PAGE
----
Varies: There are a number of possibilities, a good medical check up would be a good place to start. Some basic blood tests, including checking your thyroid function, can go a long way in making the diagnosis. ...Read more
Recovering from heat exhaustion. Most symptoms gone except for slight headache, should I be concerned or is this typical?
That depends on-: -how long ago this happened. If more than a week, you should have recovered. Get in 2 C Ur PCP & go from there & get referrals if deemed necessary. ...Read more
When having heat exhaustion, am I ok as long as there is a LITTLE relief while trying to cool down? Or should there still be concern?
Be careful: Drink plenty of water before and after exercise in the heat, use cold towels on the neck to cool down, stop if you feel dizzy, faint or nauseous heat illness is very dangerous ...Read more
Dehydration caused: Heat exaustion is caused by water deprivation. The body cannot cool itself by perspiration. Drink plenty of water when it is hot and you are going to engage in strenuous activity. We all should drink at least two quarts per day not exercising or being in the heat. You will need more if excersing, especially in the heat. First axiom of exercising and hydration. Drink before you feel thirsty. ...Read more
Heat exhaustion can be treated by cooling the patient and rehydrating them, but it is best that they be seen by their doctor to rule out more serious issues. Heat illness can progress very rapidly.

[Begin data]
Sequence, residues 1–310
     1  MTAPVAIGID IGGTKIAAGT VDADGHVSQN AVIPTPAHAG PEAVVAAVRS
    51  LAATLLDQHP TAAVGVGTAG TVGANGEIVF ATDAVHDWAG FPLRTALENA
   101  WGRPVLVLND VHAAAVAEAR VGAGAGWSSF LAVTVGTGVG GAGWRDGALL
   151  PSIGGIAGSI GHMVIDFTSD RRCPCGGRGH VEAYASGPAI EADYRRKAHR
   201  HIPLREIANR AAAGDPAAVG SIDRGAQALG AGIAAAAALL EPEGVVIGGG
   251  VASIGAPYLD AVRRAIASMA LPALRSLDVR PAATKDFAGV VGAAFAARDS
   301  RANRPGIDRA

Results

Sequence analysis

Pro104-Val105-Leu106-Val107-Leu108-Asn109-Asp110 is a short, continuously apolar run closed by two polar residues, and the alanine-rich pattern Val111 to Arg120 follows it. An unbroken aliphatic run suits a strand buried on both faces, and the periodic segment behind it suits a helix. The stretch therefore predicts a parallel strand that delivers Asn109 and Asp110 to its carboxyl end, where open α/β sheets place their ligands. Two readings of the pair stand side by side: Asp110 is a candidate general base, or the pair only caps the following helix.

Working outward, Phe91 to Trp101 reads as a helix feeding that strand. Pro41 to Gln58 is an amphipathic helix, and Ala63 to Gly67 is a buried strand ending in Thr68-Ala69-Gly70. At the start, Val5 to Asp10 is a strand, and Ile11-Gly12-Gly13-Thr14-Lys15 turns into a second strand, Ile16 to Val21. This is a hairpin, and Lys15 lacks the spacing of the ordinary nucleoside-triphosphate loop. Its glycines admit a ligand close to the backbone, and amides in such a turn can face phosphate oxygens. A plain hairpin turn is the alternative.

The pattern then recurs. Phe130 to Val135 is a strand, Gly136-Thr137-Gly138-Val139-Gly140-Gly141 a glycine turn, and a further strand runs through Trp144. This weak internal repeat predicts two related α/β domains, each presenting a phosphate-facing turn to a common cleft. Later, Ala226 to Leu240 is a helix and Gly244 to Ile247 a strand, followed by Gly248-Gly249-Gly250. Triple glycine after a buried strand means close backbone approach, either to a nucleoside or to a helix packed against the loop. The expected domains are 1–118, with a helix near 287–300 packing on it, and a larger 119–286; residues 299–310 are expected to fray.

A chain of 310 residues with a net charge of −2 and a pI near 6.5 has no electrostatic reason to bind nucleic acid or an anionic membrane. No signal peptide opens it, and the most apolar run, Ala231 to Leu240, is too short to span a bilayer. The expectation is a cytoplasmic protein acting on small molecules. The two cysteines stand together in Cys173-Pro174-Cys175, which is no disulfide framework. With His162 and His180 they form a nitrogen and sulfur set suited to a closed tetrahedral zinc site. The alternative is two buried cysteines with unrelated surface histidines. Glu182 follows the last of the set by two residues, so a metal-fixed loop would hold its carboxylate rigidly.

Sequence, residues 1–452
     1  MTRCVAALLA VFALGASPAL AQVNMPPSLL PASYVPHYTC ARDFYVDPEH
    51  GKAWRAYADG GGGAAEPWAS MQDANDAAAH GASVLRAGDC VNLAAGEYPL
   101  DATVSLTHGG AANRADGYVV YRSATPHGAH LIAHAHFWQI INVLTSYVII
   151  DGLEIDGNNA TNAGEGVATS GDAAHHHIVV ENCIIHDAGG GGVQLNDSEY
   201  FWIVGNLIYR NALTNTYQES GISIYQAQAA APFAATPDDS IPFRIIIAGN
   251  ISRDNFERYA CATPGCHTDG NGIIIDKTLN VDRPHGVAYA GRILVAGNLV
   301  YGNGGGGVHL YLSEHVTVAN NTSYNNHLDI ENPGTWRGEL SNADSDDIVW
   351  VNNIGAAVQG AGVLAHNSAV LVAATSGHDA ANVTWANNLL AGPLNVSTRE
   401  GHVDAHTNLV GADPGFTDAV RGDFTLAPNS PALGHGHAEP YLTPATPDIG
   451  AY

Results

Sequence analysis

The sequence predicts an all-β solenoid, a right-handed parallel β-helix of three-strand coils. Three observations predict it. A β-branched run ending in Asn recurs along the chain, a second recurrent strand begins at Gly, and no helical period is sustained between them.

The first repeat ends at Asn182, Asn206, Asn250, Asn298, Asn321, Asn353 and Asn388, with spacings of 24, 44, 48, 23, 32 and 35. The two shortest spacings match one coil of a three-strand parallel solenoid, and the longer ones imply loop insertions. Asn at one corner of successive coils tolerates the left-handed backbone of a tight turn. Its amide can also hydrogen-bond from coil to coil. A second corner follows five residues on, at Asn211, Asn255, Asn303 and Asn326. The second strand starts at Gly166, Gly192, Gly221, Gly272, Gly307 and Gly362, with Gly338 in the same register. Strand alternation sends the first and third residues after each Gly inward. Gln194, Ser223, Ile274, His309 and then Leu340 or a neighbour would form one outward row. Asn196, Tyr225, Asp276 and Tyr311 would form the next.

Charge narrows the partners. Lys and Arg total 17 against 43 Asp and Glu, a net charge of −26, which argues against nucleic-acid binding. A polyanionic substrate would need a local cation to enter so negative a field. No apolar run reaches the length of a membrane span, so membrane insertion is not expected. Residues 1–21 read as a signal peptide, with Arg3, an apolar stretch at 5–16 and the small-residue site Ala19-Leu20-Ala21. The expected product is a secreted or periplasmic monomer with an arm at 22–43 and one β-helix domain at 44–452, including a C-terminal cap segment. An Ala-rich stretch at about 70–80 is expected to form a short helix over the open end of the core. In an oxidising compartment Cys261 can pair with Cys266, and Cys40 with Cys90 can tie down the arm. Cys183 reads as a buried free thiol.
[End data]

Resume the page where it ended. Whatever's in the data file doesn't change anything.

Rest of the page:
If they are unable to hold down any liquids, complain of pain, esp. Headaches, dizziness, appear slow or not "with it", appear flushed, stopped sweating, high temp, etc, go to the er. ...Read more
Over-heated: Heat exhaustion can become serious if it's untreated. Symptoms include heavy sweating, rapid breathing, and a fast pulse. If not dealt with, and the patient cooled soon, it can lead to heat stroke, which can be fatal if not treated. ...Read more
Excessive heat: Heat exhaustion is one of the conditions along the spectrum of heat illness. It occurs when the body's core body temperature exceeds 98.6 degrees f, which presents in symptoms such as excessive sweating and fatigue. If left unchecked it can lead to heat stroke, which can be life threatening. ...Read more